Cable-Tying with Waxed Twine (fire propagation issue?)

John L Lee johnllee at
Thu Jan 25 18:10:52 UTC 2007


While I do not know the answer, My question on using the wax twine in a 
climate controlled or colo with fire suppression or even telco colo 
these days is it allowed under newer NEC since it is flammable and can 
sustain burning for a period of time. While Telecos do not usually 
retrofit COs that often after Hinesdale (spelling) in Chicago and the 
propagation of the fire on non-plemun rated cable all those standards 
were upgraded. I would check BICSI / NEC codes for your state to see if 
the materials can still be used or if they have a replacement material.

John (ISDN) Lee

Dan Mahoney, System Admin wrote:

> Hey all,
> This seems a wee bit off topic, but definitely relates to network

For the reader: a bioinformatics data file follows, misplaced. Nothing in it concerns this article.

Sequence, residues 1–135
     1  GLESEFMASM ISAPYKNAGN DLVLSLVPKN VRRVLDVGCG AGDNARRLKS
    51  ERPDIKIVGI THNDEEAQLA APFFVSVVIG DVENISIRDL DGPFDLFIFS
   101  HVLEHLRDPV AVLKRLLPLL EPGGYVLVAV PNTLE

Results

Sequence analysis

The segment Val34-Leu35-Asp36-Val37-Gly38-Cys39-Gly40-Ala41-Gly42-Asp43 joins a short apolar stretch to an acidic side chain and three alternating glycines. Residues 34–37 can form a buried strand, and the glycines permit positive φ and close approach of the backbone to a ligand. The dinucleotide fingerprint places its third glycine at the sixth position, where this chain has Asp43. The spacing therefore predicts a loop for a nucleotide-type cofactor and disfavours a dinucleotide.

> operations (somewhere below layer 1) and I can't think of a better 
> place to ask.
> Upon leaving a router at telx and asking one of their techs to plug in 
> the equipment for me, I came back to find all my cat5 cables neatly 
> tied with some sort of waxed twine, using an interesting looping knot 
> pattern that repeated every six inches or so using a single piece of 
> string.  For some reason, I found this trick really cool.
> I have tried googling for the method, (it's apparently standard, I've 
> seen it in play elsewhere), and for the type of twine, but had little 
> luck.  I was wondering if any of the gurus out there would care to 
> share what this knot-pattern is actually called, and/or if there's a 
> (illustrated) howto somewhere?
> -Dan "Tired of getting scratched up by jagged cable ties" Mahoney
> -- 
> --------Dan Mahoney--------
> Techie,  Sysadmin,  WebGeek
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